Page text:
Free Samples

I used to work for a couple of broadcasters when the Internet became a big thing (you’ve heard of it, right?) When we used to talk about putting content on the web we’d always say video would not be among it. At first it was because the quality would be so terrible that no one would watch it. Then the pipes got fatter, processors got faster, and the discussion changed to shredding the ratings. The fear was that if we gave users control over what they watched and when they watched it we’d destroy our audiences and revenue. Turns out not so much.
There’s a report out today about a new study conducted by the Magid folks for Avail-TVN.  Simply put:

nearly two-thirds of consumers (63 percent)  say that availability of television program episodes on-demand make them more likely to watch those television shows on a regular basis. The data shows that availability of free television programs on demand increases loyalty, helps consumers discover new shows, and actually increases viewing when shows air live.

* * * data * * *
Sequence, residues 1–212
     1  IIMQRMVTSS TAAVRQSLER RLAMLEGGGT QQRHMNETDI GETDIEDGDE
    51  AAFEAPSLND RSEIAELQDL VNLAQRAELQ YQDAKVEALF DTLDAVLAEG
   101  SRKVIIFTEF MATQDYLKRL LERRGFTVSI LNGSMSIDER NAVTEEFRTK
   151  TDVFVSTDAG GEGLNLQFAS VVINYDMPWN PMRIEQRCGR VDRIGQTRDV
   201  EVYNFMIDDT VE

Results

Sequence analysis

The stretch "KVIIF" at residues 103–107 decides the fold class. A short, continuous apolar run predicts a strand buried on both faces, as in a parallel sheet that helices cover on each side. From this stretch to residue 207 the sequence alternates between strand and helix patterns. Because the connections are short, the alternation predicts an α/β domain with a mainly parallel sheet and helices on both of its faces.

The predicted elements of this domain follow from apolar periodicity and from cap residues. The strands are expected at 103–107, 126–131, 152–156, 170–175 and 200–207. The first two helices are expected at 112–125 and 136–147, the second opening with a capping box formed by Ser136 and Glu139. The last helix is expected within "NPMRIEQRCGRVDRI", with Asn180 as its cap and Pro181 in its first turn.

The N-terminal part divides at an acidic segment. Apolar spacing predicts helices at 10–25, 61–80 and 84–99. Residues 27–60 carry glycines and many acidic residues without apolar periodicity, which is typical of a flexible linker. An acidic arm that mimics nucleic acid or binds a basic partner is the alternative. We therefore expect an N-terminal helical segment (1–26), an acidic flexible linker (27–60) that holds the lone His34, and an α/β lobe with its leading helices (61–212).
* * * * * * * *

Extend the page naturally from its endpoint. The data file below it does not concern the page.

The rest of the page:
Imagine that.  Now, the study was conducted about VOD (generally something that the distributors – cable and satellite guys – control) but I think like most other things this is a channel-agnostic conclusion.   The fears we had were groundless and they extended to DVR‘s as well as to other time- and channel-shifted distribution.

Customers – users, viewers – call them what you will – are incredibly time-challenged.  Turns out, by the way, they’re just like those of us making these decisions.  Not many folks are able to invest the time in discovering a new show or series unless they can do so on their own time.  If it’s worth their while, they make time.  After all, why do you think they give out food samples at the entrance to the food court (you’ve all been to the mall lately, I’m sure)?  The competition is high, and if you’re not a brand name you’re liable to get passed over unless you go to the users.  Expecting them to come to you is no longer a realistic thing.

What are you sampling these days?  Discover anything new that we might have missed?

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Filed under digital media, Reality checks

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